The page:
For the best data on the presidential election, you really need to go to RealClearPolitics.com. It’s the most important poll, apart from the real one in November, because RCP averages out the data of all the biggest polls. As of today it shows a very close race. But pull up their Electoral College map and look at the states individually, and you will notice something striking. Check the history of polls in the toss-up states, and you will see that Romney has consistently trailed Obama in almost all of them. It’s always been close, but it’s almost always Obama edging out Romney, going back many months, and trending over many different polls. Again, this is in the swing states, the toss-ups.
For the crucial state of Ohio, RCP lists a history of thirty-five Obama-versus-Romney polls, going back to December. Romney came out on top in only four of them. It’s always very close, but the weight of the averages is clear. Obama also carried Ohio in 2008. Today the RCP average of polls has Obama with a lead of 4.8 points in Ohio.
In Virginia, a list of thirty-five polls going back to last year shows Romney beating Obama in only eleven of them. Always very close– These are the toss-up states. Today’s RCP has Obama up by 2.8 in Virginia.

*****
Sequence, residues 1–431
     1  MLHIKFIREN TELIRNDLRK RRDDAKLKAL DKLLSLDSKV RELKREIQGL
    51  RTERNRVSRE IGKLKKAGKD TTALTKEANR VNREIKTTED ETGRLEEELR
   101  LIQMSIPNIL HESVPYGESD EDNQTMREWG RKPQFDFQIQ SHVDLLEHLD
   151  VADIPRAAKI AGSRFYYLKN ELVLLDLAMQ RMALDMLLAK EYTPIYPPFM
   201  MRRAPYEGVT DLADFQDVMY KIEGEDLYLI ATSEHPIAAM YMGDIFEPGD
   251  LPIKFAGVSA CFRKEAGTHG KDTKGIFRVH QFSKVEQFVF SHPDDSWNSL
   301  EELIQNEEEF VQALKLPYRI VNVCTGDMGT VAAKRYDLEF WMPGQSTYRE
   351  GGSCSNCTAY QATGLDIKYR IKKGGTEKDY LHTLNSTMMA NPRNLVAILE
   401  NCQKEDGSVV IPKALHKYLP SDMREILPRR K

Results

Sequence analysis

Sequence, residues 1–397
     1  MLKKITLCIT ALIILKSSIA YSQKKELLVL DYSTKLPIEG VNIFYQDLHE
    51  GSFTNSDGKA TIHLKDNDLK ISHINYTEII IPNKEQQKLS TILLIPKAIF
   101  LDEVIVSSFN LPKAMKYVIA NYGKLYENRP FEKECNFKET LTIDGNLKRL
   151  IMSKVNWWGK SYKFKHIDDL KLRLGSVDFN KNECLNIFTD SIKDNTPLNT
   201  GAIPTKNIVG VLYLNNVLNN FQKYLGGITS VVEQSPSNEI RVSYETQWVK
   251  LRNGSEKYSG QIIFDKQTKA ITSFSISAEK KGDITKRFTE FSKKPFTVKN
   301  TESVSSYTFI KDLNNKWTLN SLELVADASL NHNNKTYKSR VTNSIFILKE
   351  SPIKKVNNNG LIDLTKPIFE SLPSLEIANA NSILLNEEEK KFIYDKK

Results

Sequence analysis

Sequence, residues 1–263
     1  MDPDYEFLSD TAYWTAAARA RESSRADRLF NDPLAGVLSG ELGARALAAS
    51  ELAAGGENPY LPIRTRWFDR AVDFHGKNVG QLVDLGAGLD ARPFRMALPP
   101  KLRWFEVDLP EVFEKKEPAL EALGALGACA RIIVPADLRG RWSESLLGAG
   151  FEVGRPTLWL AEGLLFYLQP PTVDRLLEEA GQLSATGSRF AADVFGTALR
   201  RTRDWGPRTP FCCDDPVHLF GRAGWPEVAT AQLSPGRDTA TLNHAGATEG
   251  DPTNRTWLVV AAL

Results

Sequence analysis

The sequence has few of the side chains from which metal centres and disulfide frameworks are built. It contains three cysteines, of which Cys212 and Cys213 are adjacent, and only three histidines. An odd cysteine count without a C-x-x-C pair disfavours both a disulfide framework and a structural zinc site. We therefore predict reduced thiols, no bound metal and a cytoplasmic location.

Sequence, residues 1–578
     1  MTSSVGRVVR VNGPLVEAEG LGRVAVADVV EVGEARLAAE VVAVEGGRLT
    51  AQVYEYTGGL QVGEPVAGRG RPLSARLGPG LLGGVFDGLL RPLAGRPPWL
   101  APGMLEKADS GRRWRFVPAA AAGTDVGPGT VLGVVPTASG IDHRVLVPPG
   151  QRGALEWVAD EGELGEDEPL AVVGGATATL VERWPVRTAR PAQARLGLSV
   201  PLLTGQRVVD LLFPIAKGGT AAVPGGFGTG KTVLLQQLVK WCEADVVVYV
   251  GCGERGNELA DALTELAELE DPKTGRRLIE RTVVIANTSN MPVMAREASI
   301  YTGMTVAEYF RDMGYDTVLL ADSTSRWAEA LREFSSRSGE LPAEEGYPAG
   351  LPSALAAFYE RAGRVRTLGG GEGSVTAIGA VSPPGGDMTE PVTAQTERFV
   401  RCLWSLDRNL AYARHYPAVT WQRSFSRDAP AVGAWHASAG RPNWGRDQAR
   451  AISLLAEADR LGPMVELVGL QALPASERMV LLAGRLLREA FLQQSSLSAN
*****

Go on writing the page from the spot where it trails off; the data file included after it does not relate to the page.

Colorado has a history of twelve polls between Obama and Romney, going back to February. Of those, two were ties and Obama won in the other ten. His edge over Romney in Colorado is presently an average of three points.
In Michigan, out of twenty-five polls going back to December, Romney led in six of them. In the current average of Michigan polls, Obama leads by just over six points.
In Pennsylvania, with twenty electoral votes, RealClearPolitics.com lists thirty-three polls dating back over a year. Romney has led in only three of them. He trails the president in Pennsylvania today by 7 points.
Florida is the most evenly split of the toss-ups. The history of the polls there are much closer. Forty-seven polls are listed for Florida. Of these, Obama came out ahead in twenty-four of them, and there were three ties. In the RCP average of polls, Obama leads Romney today in Florida by a meager 1.4 points.
In excessively conservative Iowa, Romney still trails Obama by one point, and has only topped him in three of the fourteen polls RCP has on record for the state.
As of right now, in the overall electoral college count, RCP has Obama over Romney by two hundred-forty-seven over one hundred-ninety-one. A hundred votes are up for grabs. Two hundred and seventy is the winning figure.
The polling numbers have remained amazingly steady over time. The economy remains flat, but apparently Americans remember when this downturn began, and that the name of the president then was not Barack Obama. They may also remember that it took more than three years to recover from the Great Depression, which remains the only economic disaster worse than the one we’re in now. This election will come down to turn-out, and the Democrats will need a larger than average turn-out to overcome the new voter-suppression laws in place in so many states.